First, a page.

Following on from the brilliant success of the 2013 excavations, the Culver Archaeological Project is once again running a six-week summer excavation at the Roman-British settlement at Bridge Farm near Barcombe Mills.
The dig will take place from Monday, June 30, until Saturday, August 9, seven days a week, 9am to 5pm (Saturday and Sunday 9.30am start).
Unlike last year, when everything - even training courses - was free courtesy of the Heritage Lottery Fund, CAP does not have any funding for 2014 so is asking for contributions of £30 for a week or £50 for the season from anyone wishing to take part.
Onsite camping is available at £50 a week inclusive of dig fees. The project would also welcome anyone who would like to sponsor any post-excavation work.
This summer the team is targeting one particularly interesting area with a trench 32m x 21m metres, some 670sq metres (red box on 40m square image) which from the recent geophys results looks positively packed with features.
There appears to be a metre wide ditch running down the entire trench with two parallel rows of postholes to the right of it plus some larger individual pits. The rectangular configuration of the 13 postholes strongly suggests that they are looking at the foundations of a large post-built building approaching 20 metres long (66 feet).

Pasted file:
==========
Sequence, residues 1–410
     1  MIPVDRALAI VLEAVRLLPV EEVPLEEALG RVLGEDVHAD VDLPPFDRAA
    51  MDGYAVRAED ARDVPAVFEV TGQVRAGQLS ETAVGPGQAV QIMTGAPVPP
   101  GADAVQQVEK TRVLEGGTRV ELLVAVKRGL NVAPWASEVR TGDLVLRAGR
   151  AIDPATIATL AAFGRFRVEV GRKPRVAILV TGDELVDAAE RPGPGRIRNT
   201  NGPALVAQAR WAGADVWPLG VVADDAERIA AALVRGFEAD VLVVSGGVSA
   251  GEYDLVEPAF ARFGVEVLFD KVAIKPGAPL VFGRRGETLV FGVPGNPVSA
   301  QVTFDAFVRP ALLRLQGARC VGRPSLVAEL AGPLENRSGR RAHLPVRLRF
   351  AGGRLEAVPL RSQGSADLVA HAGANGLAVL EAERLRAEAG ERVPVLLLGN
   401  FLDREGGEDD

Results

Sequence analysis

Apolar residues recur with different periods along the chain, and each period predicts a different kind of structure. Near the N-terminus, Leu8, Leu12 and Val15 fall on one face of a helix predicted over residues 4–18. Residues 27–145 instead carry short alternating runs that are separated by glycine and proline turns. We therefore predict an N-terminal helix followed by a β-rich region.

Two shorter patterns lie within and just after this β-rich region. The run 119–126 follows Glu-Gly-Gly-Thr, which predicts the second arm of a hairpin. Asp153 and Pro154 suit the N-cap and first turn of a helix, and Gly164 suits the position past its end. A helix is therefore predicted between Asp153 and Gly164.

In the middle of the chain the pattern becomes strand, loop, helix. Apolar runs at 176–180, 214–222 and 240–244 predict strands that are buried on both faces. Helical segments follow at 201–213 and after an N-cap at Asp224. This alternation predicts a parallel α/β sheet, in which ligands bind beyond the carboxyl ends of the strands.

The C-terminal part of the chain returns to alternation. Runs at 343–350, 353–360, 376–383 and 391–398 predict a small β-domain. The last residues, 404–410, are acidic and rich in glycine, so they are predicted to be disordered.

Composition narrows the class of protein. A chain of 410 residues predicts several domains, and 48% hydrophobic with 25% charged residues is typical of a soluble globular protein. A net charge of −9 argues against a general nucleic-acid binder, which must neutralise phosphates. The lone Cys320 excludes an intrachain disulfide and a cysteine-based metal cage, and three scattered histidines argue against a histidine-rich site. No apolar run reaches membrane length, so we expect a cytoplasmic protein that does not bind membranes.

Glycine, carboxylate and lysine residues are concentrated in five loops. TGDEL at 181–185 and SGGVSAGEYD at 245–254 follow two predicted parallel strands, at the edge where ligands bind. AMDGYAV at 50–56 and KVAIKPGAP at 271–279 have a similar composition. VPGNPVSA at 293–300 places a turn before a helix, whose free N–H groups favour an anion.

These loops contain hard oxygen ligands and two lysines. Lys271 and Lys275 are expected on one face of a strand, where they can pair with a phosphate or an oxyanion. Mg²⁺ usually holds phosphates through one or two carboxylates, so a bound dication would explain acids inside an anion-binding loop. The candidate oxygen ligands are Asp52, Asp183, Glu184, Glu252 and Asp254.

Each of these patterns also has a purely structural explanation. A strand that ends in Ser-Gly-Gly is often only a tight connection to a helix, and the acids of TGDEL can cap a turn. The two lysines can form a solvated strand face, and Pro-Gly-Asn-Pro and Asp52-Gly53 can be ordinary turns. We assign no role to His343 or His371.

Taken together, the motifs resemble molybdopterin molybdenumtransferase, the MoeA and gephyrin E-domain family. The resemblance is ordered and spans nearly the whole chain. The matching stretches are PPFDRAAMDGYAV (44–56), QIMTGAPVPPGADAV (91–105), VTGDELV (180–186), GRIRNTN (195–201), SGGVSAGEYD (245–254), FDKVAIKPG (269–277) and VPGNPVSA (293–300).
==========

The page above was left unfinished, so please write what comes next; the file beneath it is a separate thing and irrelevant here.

David Millum, a director of the Culver Archaeological Project, said: “The postholes plus the pits and the long trench will give plenty to investigate for all who participate. CAP hope the finds will rival last year where virtually everyone had artefacts in their trays and a feature under their trowel as well as interest for those who chose to process the finds rather than kneel in the trench.
“The proof, however, will be in the excavation which is what gives archaeology its extra buzz as until you dig you can only predict.”
Full details of both the project and how to apply for this year’s dig can be found on the website www.culverproject.co.uk
The Culver Archaeological Project began in 2005 with the hope of identifying further archaeological sites within the landscape around Barcombe Villa. The first year of excavations at Bridge Farm, Wellingham, proved to be truly memorable not only for the archaeology revealed but also for the terrific response from the 180 volunteers of all ages and experience who took part.
During the six weeks’ excavation an estimated 400 visitors had tours of the site, including five school field trips.